Business can also take action in its operations to counteract bad policy. As deforestation in the Amazon increased under Brazilian president Jair Bolsonaro, soy and meat buyers increased pressure on their suppliers to stop deforestation and respect human rights. Those are legitimate business choices that don’t address politics. Unilever often continues doing projects that improve lives, such as nutrition or health and hygiene initiatives, no matter what’s going on with the government. In places with human rights concerns, these projects are needed even more. Change happens from within, and leaving those regions to suffer won’t help.
Attacks on democracy and the press are grave, but we’re most concerned about efforts to undermine fact and science. The rise of “fake news”—meaning doctored and fabricated information, not just stories you don’t like—has led to vast misinformation. In the United States, those peddling the insane QAnon conspiracy convinced millions of people that Democrats were running a child-trafficking ring out of a pizza restaurant. In Myanmar, after mobile phone penetration skyrocketed from 1 to 90 percent in just seven years, Facebook became the primary source of information.61 The UN determined that fake, incendiary news on Facebook led to genocidal violence against the Rohingya people.62 Unilever was one of the first to stop advertising on platforms that incite hate and spread misinformation.
Populist politicians have long tried to confuse citizens about what is true, making the case that nothing is known for sure. And companies have cast doubt on facts that they find inconvenient, such as ExxonMobil waging a despicable war on the science of climate change for decades. Public trust in information is at a low.
None of this is good. Every company with a stake in science and truth—which is everyone, but some sectors more than others—must defend reality. Go public and say out loud, “We believe in facts and science.” If that’s a political statement, then so be it. Speaking out is, paradoxically, how we can best depoliticize it. After Trump made statements about rushing a Covid-19 vaccine to market, a group of the world’s largest pharma companies issued a statement that they would follow the science, not politics. It’s disturbing that they even had to say it.
How can we possibly tackle global, shared challenges and seek a just, equitable world if we can’t operate from a single basic set of facts on everything from climate change to pandemics to racism?
What Net Positive Companies Do to Defend the Pillars of Society
Throughout history, every generation feels that it’s living in the most important time ever. But perhaps now it is true. Technology has never advanced so fast. The world has never moved so quickly. We have never known so much about our world as scientific insights change our understanding of reality. There have never been so many people competing for space and resources—almost eight billion of us, an unimaginable number to the ancient Greeks.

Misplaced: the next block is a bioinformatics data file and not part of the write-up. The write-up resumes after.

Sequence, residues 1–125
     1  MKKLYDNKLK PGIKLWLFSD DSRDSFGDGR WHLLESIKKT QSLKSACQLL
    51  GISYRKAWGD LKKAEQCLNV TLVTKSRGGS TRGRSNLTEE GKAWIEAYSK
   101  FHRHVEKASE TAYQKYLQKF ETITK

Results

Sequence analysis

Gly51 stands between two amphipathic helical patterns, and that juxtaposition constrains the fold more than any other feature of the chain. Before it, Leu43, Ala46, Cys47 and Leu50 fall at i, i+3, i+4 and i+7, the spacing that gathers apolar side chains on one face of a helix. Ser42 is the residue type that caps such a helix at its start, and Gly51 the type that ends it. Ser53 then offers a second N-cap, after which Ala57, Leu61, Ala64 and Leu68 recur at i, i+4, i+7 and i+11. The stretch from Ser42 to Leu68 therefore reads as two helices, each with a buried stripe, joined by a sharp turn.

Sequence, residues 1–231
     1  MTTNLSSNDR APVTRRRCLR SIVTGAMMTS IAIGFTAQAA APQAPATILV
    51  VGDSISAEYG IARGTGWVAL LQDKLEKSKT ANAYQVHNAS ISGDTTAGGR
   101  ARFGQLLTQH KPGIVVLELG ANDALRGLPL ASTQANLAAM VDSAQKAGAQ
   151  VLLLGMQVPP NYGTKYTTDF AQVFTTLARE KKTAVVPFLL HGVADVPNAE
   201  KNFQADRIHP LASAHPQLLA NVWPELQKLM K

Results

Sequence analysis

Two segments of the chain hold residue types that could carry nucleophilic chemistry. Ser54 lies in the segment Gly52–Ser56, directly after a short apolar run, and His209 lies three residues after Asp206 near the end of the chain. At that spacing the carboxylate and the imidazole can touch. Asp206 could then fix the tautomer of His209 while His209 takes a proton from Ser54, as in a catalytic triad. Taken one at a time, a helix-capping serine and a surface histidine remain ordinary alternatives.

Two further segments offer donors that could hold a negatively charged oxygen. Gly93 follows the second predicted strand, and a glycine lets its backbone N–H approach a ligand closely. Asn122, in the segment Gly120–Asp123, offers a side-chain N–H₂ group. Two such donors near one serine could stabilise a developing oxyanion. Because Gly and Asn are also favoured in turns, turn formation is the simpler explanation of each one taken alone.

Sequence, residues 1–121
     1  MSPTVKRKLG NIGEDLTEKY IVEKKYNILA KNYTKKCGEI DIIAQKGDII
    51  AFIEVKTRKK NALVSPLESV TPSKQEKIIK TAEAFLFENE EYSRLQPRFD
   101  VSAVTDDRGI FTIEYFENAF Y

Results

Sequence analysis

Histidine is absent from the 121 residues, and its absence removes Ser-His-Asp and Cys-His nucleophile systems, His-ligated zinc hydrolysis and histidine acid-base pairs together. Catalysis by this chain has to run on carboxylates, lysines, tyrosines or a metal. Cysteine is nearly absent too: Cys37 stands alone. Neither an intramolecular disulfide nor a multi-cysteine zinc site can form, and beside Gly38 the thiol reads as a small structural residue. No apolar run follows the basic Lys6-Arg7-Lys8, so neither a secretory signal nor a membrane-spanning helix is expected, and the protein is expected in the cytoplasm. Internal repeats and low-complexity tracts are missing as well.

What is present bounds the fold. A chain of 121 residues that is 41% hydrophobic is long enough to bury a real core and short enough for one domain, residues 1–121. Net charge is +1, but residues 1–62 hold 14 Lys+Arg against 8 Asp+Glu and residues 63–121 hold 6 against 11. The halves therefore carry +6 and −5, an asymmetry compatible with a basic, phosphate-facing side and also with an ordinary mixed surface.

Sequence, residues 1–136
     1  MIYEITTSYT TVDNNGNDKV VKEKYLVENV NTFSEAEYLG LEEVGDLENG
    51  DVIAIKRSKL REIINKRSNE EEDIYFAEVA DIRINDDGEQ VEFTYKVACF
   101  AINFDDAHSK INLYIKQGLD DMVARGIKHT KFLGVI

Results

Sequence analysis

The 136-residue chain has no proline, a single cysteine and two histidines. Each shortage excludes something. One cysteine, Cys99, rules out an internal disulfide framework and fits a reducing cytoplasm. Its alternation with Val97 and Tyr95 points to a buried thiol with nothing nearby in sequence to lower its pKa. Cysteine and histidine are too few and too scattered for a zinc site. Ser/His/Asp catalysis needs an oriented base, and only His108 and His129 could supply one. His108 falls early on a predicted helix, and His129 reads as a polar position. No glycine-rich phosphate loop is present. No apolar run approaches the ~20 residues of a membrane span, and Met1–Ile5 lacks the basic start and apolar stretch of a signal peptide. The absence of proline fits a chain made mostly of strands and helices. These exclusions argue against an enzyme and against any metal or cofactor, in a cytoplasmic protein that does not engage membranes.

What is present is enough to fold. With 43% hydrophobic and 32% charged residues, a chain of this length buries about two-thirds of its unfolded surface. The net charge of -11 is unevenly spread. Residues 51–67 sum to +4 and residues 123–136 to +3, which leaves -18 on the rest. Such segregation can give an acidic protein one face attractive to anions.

Even citizens at the dawn of the twentieth century—when the world discovered much of what we consider modern, such as electricity, cars, and planes—would be shocked. At that time, about 1.6 billion people roamed the planet, but spread out, with days of travel between them. Now, about one long lifetime later, the majority of humanity is essentially connected in one global organism (two-thirds of all people now have mobile phones).63
The two of us have worked for decades to help the business community evolve, thrive, and bring about a new world—to make business a force for good. We do not believe humanity will make it through the gauntlet of the mid-twenty-first century without business taking a prominent role in solving our shared challenges instead of contributing to them.
We’re facing existential issues. Will things get worse or better? It’s in our hands. The solutions to our decades-long global crises—climate change, biodiversity loss, inequality, the racial divide, and poverty, among others—lie in empathy and compassion, in systems thinking, and in collective action. We can choose the direction we go and what kind of world we create. We can have a net positive impact on all around us and build a place where people and organizations give a lot, but also receive a lot in return. We have the tools to make enormous progress on everything that ails us. We can eliminate dire poverty, we can decarbonize, we can protect land and species.
We will choose our destiny, together. We’re asking for more trust, more courage, and more humanity. Do you care? Do you have the willpower? Can you find the moral leadership to do what we must? If you join us in this most critical journey to net positive, you may open yourself up to criticism. You’ll make mistakes. But the rewards are enormous, for you, for your business—which will thrive in a whole new way—and for all of us living together on this spinning, imperfect ball.
In 2004, the Nobel Prize Committee awarded Kenya’s Wangari Maathai the Peace Prize for her life’s work, the Green Belt Movement, which planted more than thirty million trees and improved the lives of a million African women. In her Nobel address, Maathai noted that the committee, by giving her this award, was challenging the world to broaden the understanding of peace.
“There can be no peace without equitable development,” Maathai said, “and no development without sustainable management of the environment in a democratic and peaceful space.… In the course of history, there comes a time when humanity is called to shift to a new level of consciousness, to reach a higher moral ground. A time when we have to shed our fear and give hope to each other. That time is now.”64
Yes, it is.